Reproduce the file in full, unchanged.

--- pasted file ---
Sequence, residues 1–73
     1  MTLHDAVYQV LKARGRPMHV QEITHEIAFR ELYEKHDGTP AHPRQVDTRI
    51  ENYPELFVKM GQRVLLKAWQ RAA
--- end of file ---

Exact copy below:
Sequence, residues 1–73
     1  MTLHDAVYQV LKARGRPMHV QEITHEIAFR ELYEKHDGTP AHPRQVDTRI
    51  ENYPELFVKM GQRVLLKAWQ RAA